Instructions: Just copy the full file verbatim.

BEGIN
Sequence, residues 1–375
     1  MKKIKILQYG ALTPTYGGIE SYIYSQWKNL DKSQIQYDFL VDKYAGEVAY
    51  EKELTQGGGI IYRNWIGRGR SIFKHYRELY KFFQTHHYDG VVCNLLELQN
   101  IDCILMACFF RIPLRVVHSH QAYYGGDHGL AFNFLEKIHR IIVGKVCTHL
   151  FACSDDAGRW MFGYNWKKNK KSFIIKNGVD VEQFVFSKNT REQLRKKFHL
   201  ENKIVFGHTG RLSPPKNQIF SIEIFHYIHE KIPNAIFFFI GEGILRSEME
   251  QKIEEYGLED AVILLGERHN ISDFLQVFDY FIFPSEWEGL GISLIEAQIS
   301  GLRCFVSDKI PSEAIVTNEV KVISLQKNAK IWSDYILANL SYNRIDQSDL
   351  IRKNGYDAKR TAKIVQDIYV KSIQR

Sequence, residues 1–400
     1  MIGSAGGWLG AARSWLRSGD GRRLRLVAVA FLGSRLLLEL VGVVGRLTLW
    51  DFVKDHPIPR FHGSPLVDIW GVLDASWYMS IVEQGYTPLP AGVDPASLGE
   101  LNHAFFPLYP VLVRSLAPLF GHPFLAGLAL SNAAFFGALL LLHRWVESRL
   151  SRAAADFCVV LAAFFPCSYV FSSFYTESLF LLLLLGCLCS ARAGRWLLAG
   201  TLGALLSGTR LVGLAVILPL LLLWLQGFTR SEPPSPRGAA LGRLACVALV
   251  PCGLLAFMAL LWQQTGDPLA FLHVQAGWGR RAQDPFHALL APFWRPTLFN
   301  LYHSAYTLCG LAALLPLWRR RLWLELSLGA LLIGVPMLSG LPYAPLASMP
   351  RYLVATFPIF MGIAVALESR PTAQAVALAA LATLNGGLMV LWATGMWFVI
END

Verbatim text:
Sequence, residues 1–375
     1  MKKIKILQYG ALTPTYGGIE SYIYSQWKNL DKSQIQYDFL VDKYAGEVAY
    51  EKELTQGGGI IYRNWIGRGR SIFKHYRELY KFFQTHHYDG VVCNLLELQN
   101  IDCILMACFF RIPLRVVHSH QAYYGGDHGL AFNFLEKIHR IIVGKVCTHL
   151  FACSDDAGRW MFGYNWKKNK KSFIIKNGVD VEQFVFSKNT REQLRKKFHL
   201  ENKIVFGHTG RLSPPKNQIF SIEIFHYIHE KIPNAIFFFI GEGILRSEME
   251  QKIEEYGLED AVILLGERHN ISDFLQVFDY FIFPSEWEGL GISLIEAQIS
   301  GLRCFVSDKI PSEAIVTNEV KVISLQKNAK IWSDYILANL SYNRIDQSDL
   351  IRKNGYDAKR TAKIVQDIYV KSIQR

Sequence, residues 1–400
     1  MIGSAGGWLG AARSWLRSGD GRRLRLVAVA FLGSRLLLEL VGVVGRLTLW
    51  DFVKDHPIPR FHGSPLVDIW GVLDASWYMS IVEQGYTPLP AGVDPASLGE
   101  LNHAFFPLYP VLVRSLAPLF GHPFLAGLAL SNAAFFGALL LLHRWVESRL
   151  SRAAADFCVV LAAFFPCSYV FSSFYTESLF LLLLLGCLCS ARAGRWLLAG
   201  TLGALLSGTR LVGLAVILPL LLLWLQGFTR SEPPSPRGAA LGRLACVALV
   251  PCGLLAFMAL LWQQTGDPLA FLHVQAGWGR RAQDPFHALL APFWRPTLFN
   301  LYHSAYTLCG LAALLPLWRR RLWLELSLGA LLIGVPMLSG LPYAPLASMP
   351  RYLVATFPIF MGIAVALESR PTAQAVALAA LATLNGGLMV LWATGMWFVI